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Poo Transplants Succeed In Clinical Trial

Results of a randomised clinical trial to test faecal transplants as a way to combat bacterial infections were published yesterday, and guess what? They were a huge success.

This one’s a bit more sciencey than your usual Sick Chirpse article but it’s definitely worth the post because it’s ridiculous and incredible and disgusting all at the same time. By the way, that’s E. coli up there, not a microscopic image of a turd, as you were probably assuming. It is related to gut diseases and stuff but it’s not involved in this particular experiment. Obviously, I just picked it because in that image it’s brown and I guess it looks a bit like a turd.

Basically, the results of the first randomised clinical trial of the, erm, ‘unorthodox’ technique of infusing one person’s faeces into another’s intestines were published yesterday and they show that it dramatically outperforms conventional antibiotics at treating recurring infections of Clostridium difficile, a bacterium that causes severe diarrhoea. This basht’d:

Yes, you read that correctly. Scientists tried poo transplants and they totally worked. They were used to treat hundreds of patients, with around 90% completely recovering from their infections. And these were recurrent infections that doctors had tried all sorts of antibiotics on to no avail. The transplants were so successful that they stopped the trial early.

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It’s probably necessary to point out that “over 50 years of experience and more than 500 published cases” have contributed to the starting of the official randomised trial, according to University of Minnesota gastroenterologist Alexander Khoruts. So, in case you were wondering, it’s not like they just suddenly decided to start pumping other people’s shit into their oblivious patients, because, you know, why not?

This is the sciencey bit, ripped from Nature:

The researchers, led by Josbert Keller, a gastroenterologist at the University of Amsterdam, recruited 43 people whose C. difficile infections had relapsed after a failed round of antibiotic treatment. The volunteers were randomized to receive either an infusion of faeces – delivered to the small intestine via a tube threaded through the nose (the nose?!?!) – or a standard two-week regimen of the antibiotic vancomycin. The faeces came from a pool of 15 healthy donors who were thoroughly screened for transmissible diseases.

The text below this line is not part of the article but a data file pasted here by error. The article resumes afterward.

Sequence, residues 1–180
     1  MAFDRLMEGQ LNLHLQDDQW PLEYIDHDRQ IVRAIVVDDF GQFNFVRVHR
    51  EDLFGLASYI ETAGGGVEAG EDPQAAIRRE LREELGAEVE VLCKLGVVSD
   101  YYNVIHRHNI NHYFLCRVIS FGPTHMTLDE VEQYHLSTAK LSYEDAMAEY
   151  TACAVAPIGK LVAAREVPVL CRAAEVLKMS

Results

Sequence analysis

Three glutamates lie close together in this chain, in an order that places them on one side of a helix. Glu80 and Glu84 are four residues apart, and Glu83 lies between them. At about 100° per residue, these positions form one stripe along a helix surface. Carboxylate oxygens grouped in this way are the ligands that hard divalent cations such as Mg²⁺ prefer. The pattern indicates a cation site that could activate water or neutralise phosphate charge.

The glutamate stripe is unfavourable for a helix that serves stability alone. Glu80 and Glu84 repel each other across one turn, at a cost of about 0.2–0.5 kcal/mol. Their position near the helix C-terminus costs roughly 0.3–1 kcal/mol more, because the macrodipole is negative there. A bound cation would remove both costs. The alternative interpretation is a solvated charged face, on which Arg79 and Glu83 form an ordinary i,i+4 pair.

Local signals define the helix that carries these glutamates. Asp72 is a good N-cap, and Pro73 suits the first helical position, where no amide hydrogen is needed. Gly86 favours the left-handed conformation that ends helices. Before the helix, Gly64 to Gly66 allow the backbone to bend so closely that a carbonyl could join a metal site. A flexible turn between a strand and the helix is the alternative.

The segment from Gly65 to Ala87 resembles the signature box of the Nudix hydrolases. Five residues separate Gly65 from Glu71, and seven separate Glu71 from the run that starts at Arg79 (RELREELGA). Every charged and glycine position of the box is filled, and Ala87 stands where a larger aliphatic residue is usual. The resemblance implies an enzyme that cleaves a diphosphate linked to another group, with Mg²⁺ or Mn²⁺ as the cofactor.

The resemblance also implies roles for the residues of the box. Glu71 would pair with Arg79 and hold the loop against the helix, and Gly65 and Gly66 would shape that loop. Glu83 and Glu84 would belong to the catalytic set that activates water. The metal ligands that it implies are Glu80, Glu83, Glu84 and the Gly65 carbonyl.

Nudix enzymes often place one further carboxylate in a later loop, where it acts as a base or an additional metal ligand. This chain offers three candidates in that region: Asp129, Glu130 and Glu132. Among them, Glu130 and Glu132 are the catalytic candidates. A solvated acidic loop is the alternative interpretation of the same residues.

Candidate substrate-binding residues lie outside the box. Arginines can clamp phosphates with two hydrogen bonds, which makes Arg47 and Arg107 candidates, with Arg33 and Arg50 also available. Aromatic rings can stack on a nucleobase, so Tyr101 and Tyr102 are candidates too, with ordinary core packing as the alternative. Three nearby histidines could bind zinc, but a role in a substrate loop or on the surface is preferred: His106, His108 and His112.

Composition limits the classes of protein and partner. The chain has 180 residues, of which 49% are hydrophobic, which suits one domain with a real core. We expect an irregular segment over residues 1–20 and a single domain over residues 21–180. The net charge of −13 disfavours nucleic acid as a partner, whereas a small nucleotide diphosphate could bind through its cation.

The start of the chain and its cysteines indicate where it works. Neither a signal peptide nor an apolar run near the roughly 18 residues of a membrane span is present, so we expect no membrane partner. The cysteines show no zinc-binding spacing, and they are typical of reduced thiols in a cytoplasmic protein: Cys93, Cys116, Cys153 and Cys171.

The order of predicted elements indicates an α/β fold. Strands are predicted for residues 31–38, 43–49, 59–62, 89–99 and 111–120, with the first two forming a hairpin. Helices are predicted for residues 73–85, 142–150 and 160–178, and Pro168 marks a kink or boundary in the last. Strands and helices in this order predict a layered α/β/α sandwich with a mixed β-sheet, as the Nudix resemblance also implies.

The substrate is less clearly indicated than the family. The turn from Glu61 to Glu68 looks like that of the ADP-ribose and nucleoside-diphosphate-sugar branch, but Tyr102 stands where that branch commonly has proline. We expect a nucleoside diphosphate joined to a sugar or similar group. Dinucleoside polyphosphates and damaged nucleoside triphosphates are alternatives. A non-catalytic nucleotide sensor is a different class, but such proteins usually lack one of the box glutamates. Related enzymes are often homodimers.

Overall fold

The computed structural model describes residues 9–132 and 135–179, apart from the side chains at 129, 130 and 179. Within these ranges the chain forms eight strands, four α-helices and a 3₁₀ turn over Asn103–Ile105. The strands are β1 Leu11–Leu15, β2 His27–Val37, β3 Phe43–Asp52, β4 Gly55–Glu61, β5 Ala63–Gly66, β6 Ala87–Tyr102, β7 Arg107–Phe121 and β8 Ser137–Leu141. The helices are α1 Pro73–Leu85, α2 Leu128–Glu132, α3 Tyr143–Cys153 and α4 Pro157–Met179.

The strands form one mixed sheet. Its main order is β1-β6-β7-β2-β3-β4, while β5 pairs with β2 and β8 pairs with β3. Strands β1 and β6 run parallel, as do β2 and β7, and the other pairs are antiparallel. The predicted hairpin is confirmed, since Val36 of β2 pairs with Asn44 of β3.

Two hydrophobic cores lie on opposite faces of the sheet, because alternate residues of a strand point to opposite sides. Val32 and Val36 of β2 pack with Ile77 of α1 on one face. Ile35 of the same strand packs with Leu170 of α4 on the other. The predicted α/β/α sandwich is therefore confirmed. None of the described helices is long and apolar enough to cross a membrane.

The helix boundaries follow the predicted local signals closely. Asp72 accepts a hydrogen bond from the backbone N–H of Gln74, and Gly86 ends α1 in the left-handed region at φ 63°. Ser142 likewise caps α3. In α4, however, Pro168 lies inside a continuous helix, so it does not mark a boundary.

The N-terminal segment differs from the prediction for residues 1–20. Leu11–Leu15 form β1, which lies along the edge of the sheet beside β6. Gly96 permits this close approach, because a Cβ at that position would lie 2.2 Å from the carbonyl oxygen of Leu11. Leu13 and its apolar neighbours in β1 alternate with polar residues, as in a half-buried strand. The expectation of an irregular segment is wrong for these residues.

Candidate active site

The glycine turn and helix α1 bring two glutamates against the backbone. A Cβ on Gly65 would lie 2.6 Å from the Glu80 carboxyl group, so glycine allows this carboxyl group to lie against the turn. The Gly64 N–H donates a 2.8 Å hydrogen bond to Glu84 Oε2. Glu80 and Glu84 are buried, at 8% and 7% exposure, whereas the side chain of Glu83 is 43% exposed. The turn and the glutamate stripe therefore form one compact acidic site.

The team had initially planned to recruit 120 patients in total, but the trial was stopped early because the difference between the groups was so dramatic. They found that faecal transplants were three to four times more likely to cure the infections than the antibiotic. The infusions cured 15 out of 16 patients (94%), whereas vancomycin did the same for just 7 out of 26 patients (27%). The rest relapsed, but were subsequently treated with faecal transplants and cured after one or two infusions.

Some doctors and scientists are concerned that delivering the infusions through the nose, rather than through usual enemas, may not be readily accepted by patients and might be more difficult to implement. Yeah, me too. I mean, if I had some disgusting bacteria chillin’ inside my colon that was giving me severe diarrhoea  and was laughing in the face of all these pills getting thrown at it, I’d probably be completely ok with having a chunk of someone else’s dookie shoved up in there to sort shit out (if you’ll pardon the pun), if there was like a 90% chance it was gonna work . But then they’d tell me that it would have to come in through my nose, and I’d be all like, “Whuuttt?? My nose?! That’s miles away from my colon! I don’t want crap in my nose! It’d stink!”. But then on the other hand, they’d then remind me that the alternative is having a pellet shoved up my butthole, and then I’d be all like, “Eurgh, fine. Just get rid of the damn bug.”

Wow, ain’t that a choice. “How would sir like his chocolate soldier served? Through the nose, or up the butt?”

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But Els van Nood, an internal medicine researcher at the University of Amsterdam and co-author of the study, and owner of a typically hilarious Dutch name, says that “the nasal route is easier and quicker if a patient’s colon is inflamed and that her volunteers did not mind. Although faecal transplants are inherently repulsive, the treatment is so successful that many of the patients in the trial complained if they were randomized to receive vancomycin.”

So that’s the world we’re living in right now. People are complaining if they aren’t getting other people’s mud monkeys pumped up their nose. All because of a little bacteria.

Wash your hands, kids.

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